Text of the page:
August 14, 2014

So much more than a “pipe band concert”

the big screen displayed many old WW1 photographs and this together with the excellent musical arrangement and playing made this a very poignant moment.

The next track saw the Pipe-Major take to the whistle playing the Phil Cunningham tune, “Lightly Swims the Swan.” The band joined in and gave us an excellent set of tunes, “Miss Victoria Ross,” “Miss Victoria Ross (Reel),” “Lady Margaret Stewart,” “Port A Beul” and “Lord McConnell.” I liked this.

Next up was the “He Man Do Set.” I don’t know much about the title, but this was a monster set of tunes that needed more than a touch of “he man” just to get through them all. I would have liked to have heard more of the band playing on their own without the backing. Perhaps this was an auditorium/acoustic thing, but sometimes I felt the piping was lost amongst it all. You couldn’t fault the playing, though. More sparkling stuff from front and back.

Rachael Walker returned with some very attractive-male vocals (you owe me boys), giving us the lovely “Thoir Mo Shoraidh Thar Ghunnaidh.” The audience kicked in and we had a lovely wee moment of Highland tradition.

Before the last set, Duncan Nicholson gave his votes of thanks, not least to the Glasgow Skye Association Pipe Band, which is, of course, the backbone to these great events.

The penultimate set of tunes were “Caber Feidh” and “Alick C. MacGregor.” The band started as they finished, and this was a fitting end to a great show. Of course they came back for an encore and not for them a flashy modern day piece. No. They simply played two 2/4 marches, signing off with the great “John MacDonald’s Welcome to South Uist.” Very classy.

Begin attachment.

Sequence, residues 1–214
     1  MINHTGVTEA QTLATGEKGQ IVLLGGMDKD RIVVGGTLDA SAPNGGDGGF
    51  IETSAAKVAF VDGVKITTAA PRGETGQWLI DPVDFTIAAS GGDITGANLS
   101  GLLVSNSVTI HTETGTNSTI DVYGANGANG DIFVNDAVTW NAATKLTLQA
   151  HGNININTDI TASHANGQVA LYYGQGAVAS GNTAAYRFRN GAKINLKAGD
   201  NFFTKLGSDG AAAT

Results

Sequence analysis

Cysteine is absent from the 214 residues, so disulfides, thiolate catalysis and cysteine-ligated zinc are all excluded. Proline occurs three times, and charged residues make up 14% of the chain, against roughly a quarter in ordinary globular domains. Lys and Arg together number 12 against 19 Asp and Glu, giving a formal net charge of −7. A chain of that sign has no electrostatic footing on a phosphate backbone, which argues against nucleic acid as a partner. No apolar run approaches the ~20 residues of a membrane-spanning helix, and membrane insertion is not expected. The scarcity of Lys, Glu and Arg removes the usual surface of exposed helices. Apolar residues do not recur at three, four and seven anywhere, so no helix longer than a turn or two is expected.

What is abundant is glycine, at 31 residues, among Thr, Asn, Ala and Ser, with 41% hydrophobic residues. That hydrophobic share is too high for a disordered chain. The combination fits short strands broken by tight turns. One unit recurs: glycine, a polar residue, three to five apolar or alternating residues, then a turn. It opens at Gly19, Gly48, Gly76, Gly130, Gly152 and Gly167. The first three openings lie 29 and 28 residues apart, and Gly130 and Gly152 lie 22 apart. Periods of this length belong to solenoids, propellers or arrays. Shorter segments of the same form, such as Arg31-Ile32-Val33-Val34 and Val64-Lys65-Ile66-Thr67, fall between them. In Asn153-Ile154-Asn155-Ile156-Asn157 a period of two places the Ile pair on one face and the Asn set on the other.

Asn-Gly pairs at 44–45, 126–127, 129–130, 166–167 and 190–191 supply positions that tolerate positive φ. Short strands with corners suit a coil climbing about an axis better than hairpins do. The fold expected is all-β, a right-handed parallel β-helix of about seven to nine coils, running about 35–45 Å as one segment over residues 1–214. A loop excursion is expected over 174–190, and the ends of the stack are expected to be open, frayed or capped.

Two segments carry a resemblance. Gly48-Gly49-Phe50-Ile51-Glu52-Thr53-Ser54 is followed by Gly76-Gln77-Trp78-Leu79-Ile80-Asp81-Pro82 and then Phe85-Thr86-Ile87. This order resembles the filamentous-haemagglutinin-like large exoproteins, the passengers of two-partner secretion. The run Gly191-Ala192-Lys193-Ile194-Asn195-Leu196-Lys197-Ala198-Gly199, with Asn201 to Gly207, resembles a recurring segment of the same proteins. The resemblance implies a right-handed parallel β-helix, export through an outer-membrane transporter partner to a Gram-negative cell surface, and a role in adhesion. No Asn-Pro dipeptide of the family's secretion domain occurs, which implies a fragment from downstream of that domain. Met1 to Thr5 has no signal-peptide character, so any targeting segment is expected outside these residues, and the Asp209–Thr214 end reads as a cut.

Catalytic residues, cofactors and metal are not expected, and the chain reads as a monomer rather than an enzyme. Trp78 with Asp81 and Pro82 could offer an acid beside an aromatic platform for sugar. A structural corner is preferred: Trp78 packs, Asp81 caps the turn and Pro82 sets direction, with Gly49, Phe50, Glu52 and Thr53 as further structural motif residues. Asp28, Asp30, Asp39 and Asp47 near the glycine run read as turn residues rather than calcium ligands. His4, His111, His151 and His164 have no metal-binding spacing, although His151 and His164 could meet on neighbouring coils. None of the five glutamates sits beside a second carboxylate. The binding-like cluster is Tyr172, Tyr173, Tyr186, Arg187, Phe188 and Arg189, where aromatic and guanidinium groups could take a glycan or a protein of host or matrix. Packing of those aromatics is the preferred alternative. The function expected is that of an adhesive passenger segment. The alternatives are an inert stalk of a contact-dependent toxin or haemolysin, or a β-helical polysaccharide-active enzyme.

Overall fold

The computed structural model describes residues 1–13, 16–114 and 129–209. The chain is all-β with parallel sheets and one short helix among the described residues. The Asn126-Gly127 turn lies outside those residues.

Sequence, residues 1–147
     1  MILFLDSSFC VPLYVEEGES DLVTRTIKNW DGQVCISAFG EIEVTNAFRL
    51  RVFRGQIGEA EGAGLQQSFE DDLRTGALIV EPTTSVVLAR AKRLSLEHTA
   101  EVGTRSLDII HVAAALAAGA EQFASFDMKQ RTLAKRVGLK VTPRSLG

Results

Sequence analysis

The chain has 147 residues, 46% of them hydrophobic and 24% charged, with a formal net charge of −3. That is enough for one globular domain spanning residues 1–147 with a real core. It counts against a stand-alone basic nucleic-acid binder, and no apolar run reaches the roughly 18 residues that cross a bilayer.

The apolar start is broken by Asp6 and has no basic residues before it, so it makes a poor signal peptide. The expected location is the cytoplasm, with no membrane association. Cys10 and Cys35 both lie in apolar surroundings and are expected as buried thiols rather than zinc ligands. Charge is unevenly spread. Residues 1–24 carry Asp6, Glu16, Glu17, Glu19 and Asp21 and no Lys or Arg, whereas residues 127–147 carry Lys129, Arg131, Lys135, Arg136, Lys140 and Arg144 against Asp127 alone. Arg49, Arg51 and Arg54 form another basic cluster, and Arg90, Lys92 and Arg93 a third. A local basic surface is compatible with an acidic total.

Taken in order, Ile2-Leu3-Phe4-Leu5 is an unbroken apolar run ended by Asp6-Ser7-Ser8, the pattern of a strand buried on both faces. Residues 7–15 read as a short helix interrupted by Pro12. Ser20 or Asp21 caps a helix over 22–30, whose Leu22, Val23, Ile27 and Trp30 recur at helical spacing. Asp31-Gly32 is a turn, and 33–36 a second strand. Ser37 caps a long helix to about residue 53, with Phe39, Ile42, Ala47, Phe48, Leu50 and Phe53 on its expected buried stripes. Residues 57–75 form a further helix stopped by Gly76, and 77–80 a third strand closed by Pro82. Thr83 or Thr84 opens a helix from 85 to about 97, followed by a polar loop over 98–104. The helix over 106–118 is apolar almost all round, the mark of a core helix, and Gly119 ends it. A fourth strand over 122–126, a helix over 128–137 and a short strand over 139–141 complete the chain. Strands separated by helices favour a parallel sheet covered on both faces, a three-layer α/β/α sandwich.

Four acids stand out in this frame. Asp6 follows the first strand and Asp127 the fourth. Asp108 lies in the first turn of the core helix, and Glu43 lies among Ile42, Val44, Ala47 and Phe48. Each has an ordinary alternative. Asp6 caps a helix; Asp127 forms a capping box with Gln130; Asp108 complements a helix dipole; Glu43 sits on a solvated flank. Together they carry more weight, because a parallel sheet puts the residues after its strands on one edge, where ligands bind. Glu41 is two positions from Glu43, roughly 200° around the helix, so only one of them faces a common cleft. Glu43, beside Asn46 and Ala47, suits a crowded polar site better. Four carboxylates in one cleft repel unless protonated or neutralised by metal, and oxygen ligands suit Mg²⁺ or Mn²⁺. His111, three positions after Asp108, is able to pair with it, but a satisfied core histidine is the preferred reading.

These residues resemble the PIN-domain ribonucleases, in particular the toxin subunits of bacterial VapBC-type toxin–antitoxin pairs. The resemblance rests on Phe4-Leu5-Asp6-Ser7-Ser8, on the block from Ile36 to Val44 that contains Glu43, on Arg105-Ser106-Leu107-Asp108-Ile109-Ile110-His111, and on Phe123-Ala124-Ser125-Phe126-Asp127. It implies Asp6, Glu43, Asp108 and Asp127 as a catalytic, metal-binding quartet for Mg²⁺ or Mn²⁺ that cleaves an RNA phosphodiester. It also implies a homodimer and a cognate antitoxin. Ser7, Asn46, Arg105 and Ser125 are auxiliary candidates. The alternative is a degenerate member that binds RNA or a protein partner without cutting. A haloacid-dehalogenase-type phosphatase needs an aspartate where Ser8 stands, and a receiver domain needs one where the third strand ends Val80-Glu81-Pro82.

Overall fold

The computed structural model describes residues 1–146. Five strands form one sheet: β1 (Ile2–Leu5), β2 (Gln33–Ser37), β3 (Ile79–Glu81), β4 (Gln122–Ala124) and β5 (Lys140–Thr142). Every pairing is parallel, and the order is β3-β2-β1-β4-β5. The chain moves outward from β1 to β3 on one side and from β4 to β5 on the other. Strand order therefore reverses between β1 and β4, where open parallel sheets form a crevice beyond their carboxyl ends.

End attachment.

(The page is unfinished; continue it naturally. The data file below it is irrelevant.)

From the program mention must be made to the other musicians who made this concert: Ewan Robertson on –guitare and vocals; Allan Henderson on keyboards; James Lindsay playing double bass.

So was this better than concerts of the past years? Was it technically perfect and without flaw or issue? Actually that doesn’t really matter. You have to stand back and see this show for what it was. This was so much more than a “pipe band concert.” This was a body of work that was dripping with music, which was full of heart and soul, fuelled by passion.

This was a musical statement that said, “This is where we are from and this is where we are going.” It had meaning and there was something in the music that needed to be said. I heard it loud and clear. Outstanding.

To all involved: Congratulations.

Recently retired as a Detective Inspector from Police Scotland, Euan Anderson was Pipe-Sergeant of the Lothian & Borders Police Pipe Band for a number of years. He is currently Honourary Pipe-Major of the Eagle Pipers’ Society who meet every second Tuesday in the Scot’s Guards Club in Edinburgh. He lives in Edinburgh.




  1. Maybe it was different in context but the spinning lights and strange images of dancers fading in and out with the galaxy in the brief video clip seemed a bit distracting to me and out of place.



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